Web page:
HIV rates rise in youth

Published: December 6, 2012

The number of new HIV infections in the United States remains relatively stable, standing at about 50,000 people annually.

But HIV, the virus that causes AIDS, is on the rise among younger Americans under the age of 25.

In fact, too many youth in the United States continue to become infected with HIV, federal officials said. And few are tested.

Those are two key take away points from a new report out by the Atlanta-based Centers for Disease Control and Prevention, which was released to coincide with World AIDS Day.

Specifically, young people between the ages of 13 and 24 in the U.S. account for more than a quarter of new HIV infections each year (26 percent) while 60 percent of these youth living with HIV are unaware they are infected, according to the CDC’s Vital Signs report, released November 27.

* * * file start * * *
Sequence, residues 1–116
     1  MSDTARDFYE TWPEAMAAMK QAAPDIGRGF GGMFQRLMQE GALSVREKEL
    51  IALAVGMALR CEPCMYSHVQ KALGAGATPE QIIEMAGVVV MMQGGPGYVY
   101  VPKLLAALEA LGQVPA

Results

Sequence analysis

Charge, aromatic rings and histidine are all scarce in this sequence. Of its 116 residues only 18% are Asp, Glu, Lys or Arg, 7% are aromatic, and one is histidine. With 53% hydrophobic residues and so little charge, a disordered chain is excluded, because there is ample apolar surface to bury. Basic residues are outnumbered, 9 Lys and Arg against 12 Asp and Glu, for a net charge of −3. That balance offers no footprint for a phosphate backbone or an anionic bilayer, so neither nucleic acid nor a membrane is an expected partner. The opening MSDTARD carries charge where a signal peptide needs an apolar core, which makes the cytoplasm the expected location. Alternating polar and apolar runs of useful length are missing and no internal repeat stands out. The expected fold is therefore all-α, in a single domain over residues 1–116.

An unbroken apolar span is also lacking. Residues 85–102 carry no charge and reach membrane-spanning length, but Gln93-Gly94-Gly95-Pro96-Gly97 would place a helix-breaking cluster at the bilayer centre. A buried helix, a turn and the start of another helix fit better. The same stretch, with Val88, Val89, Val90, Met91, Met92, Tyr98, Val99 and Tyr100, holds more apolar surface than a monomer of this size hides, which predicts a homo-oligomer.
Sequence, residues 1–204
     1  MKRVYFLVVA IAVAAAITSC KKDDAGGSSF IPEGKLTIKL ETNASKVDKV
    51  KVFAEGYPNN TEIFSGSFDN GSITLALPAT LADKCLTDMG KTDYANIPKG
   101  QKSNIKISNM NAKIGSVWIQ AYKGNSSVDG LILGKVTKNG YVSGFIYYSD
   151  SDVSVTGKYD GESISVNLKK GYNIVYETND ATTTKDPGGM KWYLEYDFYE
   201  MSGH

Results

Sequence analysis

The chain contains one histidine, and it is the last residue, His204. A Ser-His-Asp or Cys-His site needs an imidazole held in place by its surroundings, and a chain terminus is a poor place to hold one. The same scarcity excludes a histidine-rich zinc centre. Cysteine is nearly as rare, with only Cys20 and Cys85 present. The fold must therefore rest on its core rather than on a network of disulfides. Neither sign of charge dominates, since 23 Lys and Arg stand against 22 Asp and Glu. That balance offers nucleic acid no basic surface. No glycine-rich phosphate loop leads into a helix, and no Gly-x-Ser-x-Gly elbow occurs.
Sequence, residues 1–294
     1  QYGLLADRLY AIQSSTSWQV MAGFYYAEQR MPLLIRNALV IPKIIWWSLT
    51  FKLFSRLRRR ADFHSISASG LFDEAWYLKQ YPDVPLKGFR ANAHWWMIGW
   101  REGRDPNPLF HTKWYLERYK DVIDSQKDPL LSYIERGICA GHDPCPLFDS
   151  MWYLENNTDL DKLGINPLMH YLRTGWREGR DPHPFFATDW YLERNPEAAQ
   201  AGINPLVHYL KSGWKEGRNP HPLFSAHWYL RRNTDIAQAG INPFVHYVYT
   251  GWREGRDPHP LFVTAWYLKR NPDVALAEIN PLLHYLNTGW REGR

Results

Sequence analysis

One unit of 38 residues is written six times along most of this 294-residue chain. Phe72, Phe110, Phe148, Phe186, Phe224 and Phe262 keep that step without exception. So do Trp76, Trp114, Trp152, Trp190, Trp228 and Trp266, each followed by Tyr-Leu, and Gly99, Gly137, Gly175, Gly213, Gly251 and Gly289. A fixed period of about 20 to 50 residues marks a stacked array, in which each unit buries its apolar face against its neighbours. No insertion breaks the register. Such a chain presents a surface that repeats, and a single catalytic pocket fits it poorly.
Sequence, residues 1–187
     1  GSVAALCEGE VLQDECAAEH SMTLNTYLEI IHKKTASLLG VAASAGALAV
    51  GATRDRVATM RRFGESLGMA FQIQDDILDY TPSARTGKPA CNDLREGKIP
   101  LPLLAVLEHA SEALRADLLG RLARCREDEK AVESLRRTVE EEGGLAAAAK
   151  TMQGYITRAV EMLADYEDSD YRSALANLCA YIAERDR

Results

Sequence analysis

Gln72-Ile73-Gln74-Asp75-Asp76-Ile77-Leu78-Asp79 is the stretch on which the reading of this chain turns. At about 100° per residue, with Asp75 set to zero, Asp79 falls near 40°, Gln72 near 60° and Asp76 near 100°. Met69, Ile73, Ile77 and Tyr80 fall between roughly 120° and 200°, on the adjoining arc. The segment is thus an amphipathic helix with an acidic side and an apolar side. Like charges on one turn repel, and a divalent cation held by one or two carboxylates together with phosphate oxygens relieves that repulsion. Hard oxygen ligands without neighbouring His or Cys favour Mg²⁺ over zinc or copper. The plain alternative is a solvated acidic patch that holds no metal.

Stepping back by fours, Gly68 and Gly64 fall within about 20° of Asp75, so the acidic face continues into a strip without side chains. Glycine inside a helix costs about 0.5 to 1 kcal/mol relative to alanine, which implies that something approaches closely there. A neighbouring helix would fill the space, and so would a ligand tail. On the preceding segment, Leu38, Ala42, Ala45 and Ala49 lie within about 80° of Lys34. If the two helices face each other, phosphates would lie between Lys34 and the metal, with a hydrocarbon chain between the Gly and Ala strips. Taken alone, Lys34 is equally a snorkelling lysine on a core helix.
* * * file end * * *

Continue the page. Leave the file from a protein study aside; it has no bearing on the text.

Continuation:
The most-affected youth are gay and bisexual men and African Americans.

The analysis looked at the latest data on HIV infections, testing, and risk behaviors among young people.

The report offers insights into what kinds of behavior are driving the high rates of infection.

For example, young men who have sex with men – or MSM – were more likely to report having had sex with four or more partners or injecting illegal drugs.

In addition, among students who were currently sexually active, young MSM were also more likely to have used alcohol or drugs before their last sexual experience and were less likely to have used a condom.

And young MSM were also less likely to report having been taught about HIV or AIDS in school.

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